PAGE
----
Rules of MOLA’s Blog Contest:
Thank you to everyone who submitted a blog post! These are the finalists for our blog contest that embody the values of what MOLA stands for. The winners will be chosen based on the following:
- Each post will be featured in our Instagram, Twitter, Facebook, and LinkedIn accounts and on our homepage
- Any comments, number of likes and shares will count in the above platforms
- This only counts if shared/liked/commented on or from our social media platforms or if commented directly on our homepage
- The deadline for the contest is August 15th at 11:59pm
- After the deadline, the top three blogs with the highest number of likes, comments, and shares will be declared the winners.
By: Shojanny Salazar Ponce, MD
As the Hispanic/Latinx Community in America is Among the Hardest Hit by COVID-19, Spanish-Speaking International Medical Graduates Remain One of America’s Most Valuable Untapped Resources
The coronavirus disease 2019 (COVID-19) continues to spread at an alarming rate across the globe. The United States (U.S.) leads the world in COVID-19 cases with over 2,932,596 cases and over 130,133 deaths, according to the CDC, Illinois is ranked seventh highest state with COVID-19 cases, with the 53,842 cases occurring in Chicago.1
The Chicago Department of Public Health data shows that minority populations, including Hispanics, African Americans, and Native Americans, have been the most severely impacted by the outbreak. Nearly 47.6 percent of COVID-19 patients are Hispanics who often face additional health disparities such as a lack of available medical care.2
To effectively address the health disparities that affect the Hispanic population, we need to recognize their origin. The U.S. has struggled with a shortage of physicians, including Latino/Hispanic/Spanish-speaking practitioners, ahead of the current pandemic. This shortage is paired with the Hispanic population accounting for the second-largest minority group in the country. The COVID-19 crisis has cast a spotlight on the underlying inequities that prevail in the Hispanic community.3
The number of Spanish-speaking patients has risen significantly, while the shortage of Spanish-speaking physicians has been more evident. Despite this shortage, immigrants including International Medical Graduates (IMGs) have provided meaningful contributions to the American healthcare system. The assistance of the IMGs has made them an essential part of the fight against COVID-19, particularly in helping patients whose care was impeded on by the language barrier.4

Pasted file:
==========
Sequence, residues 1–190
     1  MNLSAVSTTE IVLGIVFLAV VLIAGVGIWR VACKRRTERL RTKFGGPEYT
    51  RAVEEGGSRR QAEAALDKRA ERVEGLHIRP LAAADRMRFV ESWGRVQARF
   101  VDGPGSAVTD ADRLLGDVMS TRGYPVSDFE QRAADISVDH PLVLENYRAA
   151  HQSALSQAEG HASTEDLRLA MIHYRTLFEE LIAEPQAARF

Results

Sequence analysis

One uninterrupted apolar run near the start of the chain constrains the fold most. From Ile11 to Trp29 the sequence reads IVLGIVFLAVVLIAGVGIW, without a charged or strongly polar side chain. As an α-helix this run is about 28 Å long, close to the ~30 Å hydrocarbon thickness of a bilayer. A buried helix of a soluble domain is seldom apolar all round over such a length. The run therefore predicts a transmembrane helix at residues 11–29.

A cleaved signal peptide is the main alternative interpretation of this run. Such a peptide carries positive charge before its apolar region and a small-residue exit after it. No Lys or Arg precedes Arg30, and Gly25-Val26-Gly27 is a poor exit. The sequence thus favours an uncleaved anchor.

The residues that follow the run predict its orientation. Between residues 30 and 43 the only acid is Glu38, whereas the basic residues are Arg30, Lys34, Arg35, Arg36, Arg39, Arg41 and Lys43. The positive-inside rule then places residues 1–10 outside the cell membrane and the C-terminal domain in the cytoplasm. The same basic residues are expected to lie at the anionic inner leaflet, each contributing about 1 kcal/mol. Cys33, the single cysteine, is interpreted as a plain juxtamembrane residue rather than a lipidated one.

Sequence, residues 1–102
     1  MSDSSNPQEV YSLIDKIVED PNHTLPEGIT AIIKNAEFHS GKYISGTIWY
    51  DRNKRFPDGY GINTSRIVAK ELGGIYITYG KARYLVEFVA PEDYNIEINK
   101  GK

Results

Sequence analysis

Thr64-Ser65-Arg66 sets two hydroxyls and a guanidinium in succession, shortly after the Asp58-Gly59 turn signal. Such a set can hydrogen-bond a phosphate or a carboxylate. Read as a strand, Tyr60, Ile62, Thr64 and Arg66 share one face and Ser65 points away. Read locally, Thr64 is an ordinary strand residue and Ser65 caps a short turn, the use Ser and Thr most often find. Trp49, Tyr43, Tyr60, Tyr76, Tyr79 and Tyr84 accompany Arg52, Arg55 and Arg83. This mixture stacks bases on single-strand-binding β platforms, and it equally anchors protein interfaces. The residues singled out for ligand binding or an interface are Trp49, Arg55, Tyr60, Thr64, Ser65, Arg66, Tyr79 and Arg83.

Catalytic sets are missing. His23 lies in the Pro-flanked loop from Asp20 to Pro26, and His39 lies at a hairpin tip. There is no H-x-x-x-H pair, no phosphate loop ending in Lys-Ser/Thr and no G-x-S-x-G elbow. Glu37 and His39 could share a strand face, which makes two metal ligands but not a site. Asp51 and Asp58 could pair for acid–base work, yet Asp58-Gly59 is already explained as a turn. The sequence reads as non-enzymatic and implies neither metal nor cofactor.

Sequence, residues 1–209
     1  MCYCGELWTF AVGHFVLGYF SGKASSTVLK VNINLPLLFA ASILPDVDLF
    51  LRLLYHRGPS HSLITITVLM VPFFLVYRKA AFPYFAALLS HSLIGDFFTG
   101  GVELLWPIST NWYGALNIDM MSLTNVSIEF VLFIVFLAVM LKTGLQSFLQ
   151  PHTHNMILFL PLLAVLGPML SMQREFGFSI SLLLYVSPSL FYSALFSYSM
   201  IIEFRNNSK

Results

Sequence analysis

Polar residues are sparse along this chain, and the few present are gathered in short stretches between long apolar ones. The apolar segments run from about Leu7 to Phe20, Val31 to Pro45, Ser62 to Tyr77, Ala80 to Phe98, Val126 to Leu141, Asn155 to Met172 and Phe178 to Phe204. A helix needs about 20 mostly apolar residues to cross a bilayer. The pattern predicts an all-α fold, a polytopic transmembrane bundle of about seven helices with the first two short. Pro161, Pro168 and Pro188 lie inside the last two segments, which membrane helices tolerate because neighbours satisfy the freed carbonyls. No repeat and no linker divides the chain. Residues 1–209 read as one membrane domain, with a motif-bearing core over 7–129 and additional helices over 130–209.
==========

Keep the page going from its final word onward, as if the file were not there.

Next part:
COVID-19 has challenged the healthcare system and overwhelmed frontline healthcare professionals. There are many IMGs who live across the U.S. Many of these IMGs have their Educational Commission for Foreign Medical Graduates (ECFMG) certification and have passed all mandatory tests to begin medical residency programs and practice medicine in the United States. 4 IMGs have aptitude, skills, and experience from working with patients when they practiced medicine in their home country. They are looking for opportunities to support the American healthcare system, particularly the heroes working on the frontlines of the COVID-19 pandemic.
It is essential that American government agencies understand the obstacles and challenges for IMGs currently seeking to practice in the United States. Limitations within their visas and limited spots at residency programs, are among the obstacles preventing and delaying these individuals from beginning their professional practice of medicine in this country.4 While the number of IMGs that begin residency programs each year remains low, IMGs have been bringing health care, cultural awareness, and diversification to underrepresented and minority groups, particularly Hispanics, often volunteering in the communities where they live and study.
These highly-trained, fully-capable doctors, unable to practice in an official capacity, are all the more reason for sponsors and organizations like Graduate Medical Education to adopt new policies.4 Ideally a better system can be put in place to utilize these professionals and address the urgent concerns and medical disparities facing the United States’ Hispanic population. Without changes, fighting this pandemic and future diseases are certain to continue to overwhelm the U.S. healthcare system and leave minority populations at further risk.
1. Centers for Disease Control and Prevention. Coronavirus Disease 2019 (COVID-19) In the U.S. Atlanta, GA. Available at: https://www.cdc.gov/coronavirus/2019-ncov/cases-updates/cases-in-us.html. Accessed 24 May 2020.
2. City of Chicago. COVID-19 Research Articles. Chicago Department of Public Health. Available at:https://www.chicago.gov/city/en/sites/covid-19/home/latest-data.html Accessed 08 July 2020.
3. Krouse, H. (2020). COVID-19 and the Widening Gap in Health Inequity. American Academy of Otolaryngology–Head and Neck Surgery, 1-2. https://doi.org/10.1177/0194599820926463
4. Ramon C. and Iacono R. (2020, April 09). Policy Recommendation: Lowering Barriers for Foreign Health Care Workers Can Help U.S. Fight Coronavirus. [Blog Post]. Available at: https://bipartisanpolicy.org/blog/policy-recommendation-lowering-barriers-for-foreign-health-care-workers-can-help-u-s-fight-coronavirus/